Indeed, and again on the face of it, Aubrey is a cheerful “friendly” leader, willing to allow men to do what they are best at without hovering while showing compassion in times of injury, illness or death. Unfortunately this is not as uncommon, historically speaking, as the authors might like to imagine.

Aside from the likes of captains such as Bligh and Pigot, who created hells afloat, most naval leaders were and are aware of the confinement of their situation. There truly is nowhere to go in the middle of the ocean and it is not only the leaders but the men who must trust in and encourage one another in order to ensure that everyone not only gets home safe, but successful as well. Making repairs at sea, changing approach rather than sticking to “orders”, promoting or disciplining individuals as necessary and so much more would have not only been required but expected.

The idea of camaraderie was a feature of Jack’s personality as penned by O’Brian. He was very much a captain who needed a particular friend like Stephen Maturin. In stark contrast, and to stay within the realm of fiction, C.S. Forester’s Horatio Hornblower is very much “the man alone.” He may consult and dine with his lieutenants, but in the final analysis he will decide the fate of his ship and her souls. I wonder what the authors of this piece might make of Hornblower as his leadership style in the BBC dramatizations of Forester’s works relates to West’s theory.

Of course there is so much more to consider but I may already have worn out my welcome. Click over and read the piece yourself. If you’re so inclined, let me know what you think. I’d particularly like to hear from you O’Brian scholars; you know who you are.

Header: Russell Crowe as Jack Aubrey in Master and Commander


Timmy! said...

Ahoy, Pauline! I think you've done pretty well in setting your biases aside in this analysis. While I am no O'Brian scholar having only read a few of the books, I am familiar enough with the characters and stories (mostly through our discussions) and I agree that there are some significant differences between the Aubrey character in the books and in the film.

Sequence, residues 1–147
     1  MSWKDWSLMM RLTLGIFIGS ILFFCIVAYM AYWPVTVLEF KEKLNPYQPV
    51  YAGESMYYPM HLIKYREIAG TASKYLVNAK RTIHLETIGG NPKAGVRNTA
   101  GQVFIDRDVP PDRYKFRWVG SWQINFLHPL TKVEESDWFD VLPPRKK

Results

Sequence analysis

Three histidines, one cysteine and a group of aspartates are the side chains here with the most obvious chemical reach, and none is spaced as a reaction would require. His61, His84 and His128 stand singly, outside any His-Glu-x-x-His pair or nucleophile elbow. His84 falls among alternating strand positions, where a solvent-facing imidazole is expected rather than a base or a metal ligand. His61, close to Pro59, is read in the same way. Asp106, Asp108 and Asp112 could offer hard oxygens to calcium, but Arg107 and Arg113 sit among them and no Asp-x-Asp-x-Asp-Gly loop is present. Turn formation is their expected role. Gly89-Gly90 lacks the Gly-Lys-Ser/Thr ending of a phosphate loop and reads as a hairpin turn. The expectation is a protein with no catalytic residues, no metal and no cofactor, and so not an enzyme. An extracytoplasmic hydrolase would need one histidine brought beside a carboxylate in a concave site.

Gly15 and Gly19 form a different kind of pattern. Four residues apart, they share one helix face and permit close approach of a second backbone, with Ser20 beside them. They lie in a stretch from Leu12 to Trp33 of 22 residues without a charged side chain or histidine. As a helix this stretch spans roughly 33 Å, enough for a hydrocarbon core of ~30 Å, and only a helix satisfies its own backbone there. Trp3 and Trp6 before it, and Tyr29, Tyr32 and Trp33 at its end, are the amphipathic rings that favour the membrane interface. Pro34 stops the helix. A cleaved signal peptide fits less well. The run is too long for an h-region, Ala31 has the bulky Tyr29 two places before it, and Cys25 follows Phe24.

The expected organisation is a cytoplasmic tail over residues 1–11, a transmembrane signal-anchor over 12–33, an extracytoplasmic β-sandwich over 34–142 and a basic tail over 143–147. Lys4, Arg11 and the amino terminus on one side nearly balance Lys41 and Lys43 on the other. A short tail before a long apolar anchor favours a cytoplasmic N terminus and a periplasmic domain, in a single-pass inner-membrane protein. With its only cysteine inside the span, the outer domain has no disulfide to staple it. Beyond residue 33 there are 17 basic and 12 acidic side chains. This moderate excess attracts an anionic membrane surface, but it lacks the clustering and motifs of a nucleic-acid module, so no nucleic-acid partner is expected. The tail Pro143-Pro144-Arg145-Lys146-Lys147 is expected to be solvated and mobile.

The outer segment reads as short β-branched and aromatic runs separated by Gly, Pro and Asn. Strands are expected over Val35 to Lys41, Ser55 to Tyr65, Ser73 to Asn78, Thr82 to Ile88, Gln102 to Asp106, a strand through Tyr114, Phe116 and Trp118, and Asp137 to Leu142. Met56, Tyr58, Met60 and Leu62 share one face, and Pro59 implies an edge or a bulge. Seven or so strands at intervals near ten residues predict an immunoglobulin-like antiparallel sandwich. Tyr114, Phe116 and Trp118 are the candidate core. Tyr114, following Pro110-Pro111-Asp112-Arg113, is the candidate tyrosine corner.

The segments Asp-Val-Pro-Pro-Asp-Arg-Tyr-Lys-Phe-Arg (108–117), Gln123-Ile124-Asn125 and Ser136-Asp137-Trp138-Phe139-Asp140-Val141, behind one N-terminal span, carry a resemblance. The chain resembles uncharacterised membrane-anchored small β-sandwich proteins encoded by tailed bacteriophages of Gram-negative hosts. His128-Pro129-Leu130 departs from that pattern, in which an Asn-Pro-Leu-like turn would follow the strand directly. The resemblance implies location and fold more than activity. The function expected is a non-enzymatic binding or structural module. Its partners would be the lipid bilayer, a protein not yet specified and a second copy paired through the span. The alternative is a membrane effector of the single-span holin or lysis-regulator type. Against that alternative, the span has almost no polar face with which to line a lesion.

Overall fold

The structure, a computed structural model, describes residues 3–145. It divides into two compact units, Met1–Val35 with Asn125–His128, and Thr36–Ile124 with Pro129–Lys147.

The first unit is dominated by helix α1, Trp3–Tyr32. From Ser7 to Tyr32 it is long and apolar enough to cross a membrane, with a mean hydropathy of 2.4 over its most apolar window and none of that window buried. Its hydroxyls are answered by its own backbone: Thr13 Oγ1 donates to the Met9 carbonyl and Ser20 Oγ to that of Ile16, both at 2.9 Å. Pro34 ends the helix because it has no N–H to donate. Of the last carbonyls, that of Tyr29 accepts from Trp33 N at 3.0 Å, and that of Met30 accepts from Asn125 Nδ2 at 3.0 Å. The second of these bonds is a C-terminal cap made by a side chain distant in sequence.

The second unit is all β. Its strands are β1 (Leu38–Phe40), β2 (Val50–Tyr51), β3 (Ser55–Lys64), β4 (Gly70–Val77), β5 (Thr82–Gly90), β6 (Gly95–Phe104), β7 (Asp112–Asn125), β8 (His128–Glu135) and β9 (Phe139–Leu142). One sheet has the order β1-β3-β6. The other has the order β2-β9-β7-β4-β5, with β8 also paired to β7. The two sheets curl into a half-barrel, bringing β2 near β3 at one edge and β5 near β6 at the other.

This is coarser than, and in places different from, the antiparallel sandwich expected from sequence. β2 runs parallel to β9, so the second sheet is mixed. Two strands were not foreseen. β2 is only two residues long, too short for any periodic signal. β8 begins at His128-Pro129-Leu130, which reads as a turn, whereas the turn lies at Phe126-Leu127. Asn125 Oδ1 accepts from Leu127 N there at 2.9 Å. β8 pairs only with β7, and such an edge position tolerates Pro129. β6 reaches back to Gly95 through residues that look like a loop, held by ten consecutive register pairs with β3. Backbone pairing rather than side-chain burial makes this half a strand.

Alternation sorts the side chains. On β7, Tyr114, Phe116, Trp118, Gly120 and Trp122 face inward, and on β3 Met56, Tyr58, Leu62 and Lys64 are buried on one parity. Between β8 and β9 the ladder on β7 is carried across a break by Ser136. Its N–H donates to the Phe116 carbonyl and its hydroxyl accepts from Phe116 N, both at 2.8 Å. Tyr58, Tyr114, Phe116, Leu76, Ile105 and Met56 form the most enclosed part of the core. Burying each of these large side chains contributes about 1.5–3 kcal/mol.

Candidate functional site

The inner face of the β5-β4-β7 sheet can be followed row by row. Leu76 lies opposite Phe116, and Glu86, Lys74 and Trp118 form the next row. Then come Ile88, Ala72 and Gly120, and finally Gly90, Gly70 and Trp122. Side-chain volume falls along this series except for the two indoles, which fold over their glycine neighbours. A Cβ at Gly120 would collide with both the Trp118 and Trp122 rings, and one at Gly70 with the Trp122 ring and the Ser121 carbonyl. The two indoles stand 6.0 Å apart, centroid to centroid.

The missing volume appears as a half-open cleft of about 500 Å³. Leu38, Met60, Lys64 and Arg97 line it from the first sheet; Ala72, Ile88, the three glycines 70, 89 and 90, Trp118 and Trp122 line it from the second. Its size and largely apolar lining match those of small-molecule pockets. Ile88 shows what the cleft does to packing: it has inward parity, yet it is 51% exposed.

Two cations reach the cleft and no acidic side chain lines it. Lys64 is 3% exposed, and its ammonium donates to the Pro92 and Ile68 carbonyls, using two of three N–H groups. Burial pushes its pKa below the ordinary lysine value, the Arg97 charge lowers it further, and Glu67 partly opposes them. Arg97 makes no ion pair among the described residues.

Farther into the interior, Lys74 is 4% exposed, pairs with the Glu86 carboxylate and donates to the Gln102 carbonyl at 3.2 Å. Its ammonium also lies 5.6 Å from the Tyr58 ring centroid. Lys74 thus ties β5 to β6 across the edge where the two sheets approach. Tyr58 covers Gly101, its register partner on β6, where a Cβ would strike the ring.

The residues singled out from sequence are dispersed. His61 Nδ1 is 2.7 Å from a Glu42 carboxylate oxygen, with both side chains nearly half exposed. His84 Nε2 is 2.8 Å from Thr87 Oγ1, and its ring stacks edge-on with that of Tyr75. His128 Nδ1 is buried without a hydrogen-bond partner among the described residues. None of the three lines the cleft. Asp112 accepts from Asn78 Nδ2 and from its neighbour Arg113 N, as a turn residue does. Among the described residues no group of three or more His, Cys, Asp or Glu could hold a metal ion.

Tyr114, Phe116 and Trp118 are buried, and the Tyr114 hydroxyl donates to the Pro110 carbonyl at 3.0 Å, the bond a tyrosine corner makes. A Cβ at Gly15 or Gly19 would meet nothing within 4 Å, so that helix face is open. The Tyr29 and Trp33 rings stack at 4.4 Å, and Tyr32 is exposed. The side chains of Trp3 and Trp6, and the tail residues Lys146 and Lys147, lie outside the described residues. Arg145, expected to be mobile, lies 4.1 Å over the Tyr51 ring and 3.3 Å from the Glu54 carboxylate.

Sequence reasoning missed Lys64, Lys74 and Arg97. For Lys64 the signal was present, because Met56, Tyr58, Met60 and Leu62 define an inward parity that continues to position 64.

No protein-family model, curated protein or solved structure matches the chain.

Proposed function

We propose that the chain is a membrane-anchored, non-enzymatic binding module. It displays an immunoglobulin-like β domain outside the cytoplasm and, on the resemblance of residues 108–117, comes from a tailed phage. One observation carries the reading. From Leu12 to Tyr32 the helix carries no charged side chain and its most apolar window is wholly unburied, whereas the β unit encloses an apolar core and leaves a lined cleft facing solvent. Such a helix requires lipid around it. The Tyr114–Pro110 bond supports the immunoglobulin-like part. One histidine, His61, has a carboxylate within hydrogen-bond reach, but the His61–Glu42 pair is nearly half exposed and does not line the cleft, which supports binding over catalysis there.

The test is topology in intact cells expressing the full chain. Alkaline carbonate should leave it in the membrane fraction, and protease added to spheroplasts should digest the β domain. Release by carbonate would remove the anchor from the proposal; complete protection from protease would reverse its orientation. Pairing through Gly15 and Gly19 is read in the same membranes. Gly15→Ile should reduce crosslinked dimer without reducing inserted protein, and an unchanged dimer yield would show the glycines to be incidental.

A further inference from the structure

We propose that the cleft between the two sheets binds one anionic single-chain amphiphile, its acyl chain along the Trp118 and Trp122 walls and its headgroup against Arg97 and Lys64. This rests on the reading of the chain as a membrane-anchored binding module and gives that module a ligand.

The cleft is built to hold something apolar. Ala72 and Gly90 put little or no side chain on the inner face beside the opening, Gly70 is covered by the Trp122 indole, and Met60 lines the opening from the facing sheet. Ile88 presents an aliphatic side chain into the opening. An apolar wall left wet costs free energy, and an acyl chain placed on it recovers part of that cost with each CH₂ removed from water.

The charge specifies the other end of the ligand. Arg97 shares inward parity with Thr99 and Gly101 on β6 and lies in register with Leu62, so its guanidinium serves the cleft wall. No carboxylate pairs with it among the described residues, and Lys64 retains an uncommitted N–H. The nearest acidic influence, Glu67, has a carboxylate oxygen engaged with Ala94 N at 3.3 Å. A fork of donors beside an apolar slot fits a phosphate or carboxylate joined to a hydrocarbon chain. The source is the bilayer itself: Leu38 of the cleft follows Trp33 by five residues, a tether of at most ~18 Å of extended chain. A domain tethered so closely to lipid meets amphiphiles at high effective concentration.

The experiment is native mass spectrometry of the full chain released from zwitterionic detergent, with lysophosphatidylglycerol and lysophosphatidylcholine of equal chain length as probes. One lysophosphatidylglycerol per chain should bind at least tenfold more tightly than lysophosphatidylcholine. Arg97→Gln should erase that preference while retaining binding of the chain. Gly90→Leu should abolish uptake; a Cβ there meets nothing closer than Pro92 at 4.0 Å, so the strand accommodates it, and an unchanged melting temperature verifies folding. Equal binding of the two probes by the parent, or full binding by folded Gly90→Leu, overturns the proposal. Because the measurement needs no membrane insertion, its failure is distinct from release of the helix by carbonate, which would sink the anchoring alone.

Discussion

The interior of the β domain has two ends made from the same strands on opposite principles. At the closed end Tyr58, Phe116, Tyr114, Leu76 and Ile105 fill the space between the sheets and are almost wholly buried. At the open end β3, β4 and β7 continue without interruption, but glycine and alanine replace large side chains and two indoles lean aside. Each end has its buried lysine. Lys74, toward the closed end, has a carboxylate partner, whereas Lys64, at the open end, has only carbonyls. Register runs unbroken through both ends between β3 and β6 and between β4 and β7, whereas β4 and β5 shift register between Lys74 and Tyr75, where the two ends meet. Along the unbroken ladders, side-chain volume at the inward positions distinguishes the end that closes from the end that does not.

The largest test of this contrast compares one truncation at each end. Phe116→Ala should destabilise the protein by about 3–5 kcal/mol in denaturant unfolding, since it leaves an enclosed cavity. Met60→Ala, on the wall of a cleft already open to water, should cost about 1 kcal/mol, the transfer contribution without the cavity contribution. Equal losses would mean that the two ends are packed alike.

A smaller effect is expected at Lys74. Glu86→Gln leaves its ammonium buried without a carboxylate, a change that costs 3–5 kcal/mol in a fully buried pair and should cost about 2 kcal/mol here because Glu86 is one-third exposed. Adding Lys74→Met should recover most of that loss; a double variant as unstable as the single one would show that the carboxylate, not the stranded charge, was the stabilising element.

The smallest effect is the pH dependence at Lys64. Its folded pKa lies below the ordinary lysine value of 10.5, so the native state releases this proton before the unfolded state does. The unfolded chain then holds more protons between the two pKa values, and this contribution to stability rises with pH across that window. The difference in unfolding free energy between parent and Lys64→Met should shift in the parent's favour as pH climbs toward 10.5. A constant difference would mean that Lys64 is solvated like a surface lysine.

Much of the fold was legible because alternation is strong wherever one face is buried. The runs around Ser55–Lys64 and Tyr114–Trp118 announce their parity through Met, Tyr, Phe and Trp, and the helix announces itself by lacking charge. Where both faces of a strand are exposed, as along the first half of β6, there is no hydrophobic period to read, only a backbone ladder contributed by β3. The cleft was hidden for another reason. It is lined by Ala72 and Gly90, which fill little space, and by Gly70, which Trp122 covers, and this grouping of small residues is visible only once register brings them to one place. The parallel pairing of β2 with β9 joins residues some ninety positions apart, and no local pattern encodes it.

I do think that Aubrey's character in the books would have made the same decision in the second case, but not just for friendship sake the way it is portrayed in the film. In addition to being Jack's particluar friend, Stephen is also an officer as opposed to an ordinary crewman, he is the ship's surgeon, he is generally beloved by all of the crew, and Jack also knows about his importance as a military intelligence officer (a plot point that was left out of the film entirely).

I also agree with your take on the "camaraderie" issue. I would expect this to be more the norm than exception. But that's just my opinion and I could be wrong...

Pauline said...

Your points are all well taken, Timmy! I do think that Jack would have talked to Stephen about his plans in the case of the Dr. Maturin's injury as he did in so many other cases. Stephen being Stephen, the issue of taking Acheron - which was far more important in the case of the American ship in the book - before weighning anchor might have been looked at a little more differently.

And as to the camaraderie issue, it was and still is expected in the service that captains would invite their officers to dine in the cabin now and again, just as the wardroom was expected to invite the captain once in a while. Even the most stand-offish commander could give an appearance of "camaraderie" aboard ship.

But yeah; thankee for your added insight. Much appreciated.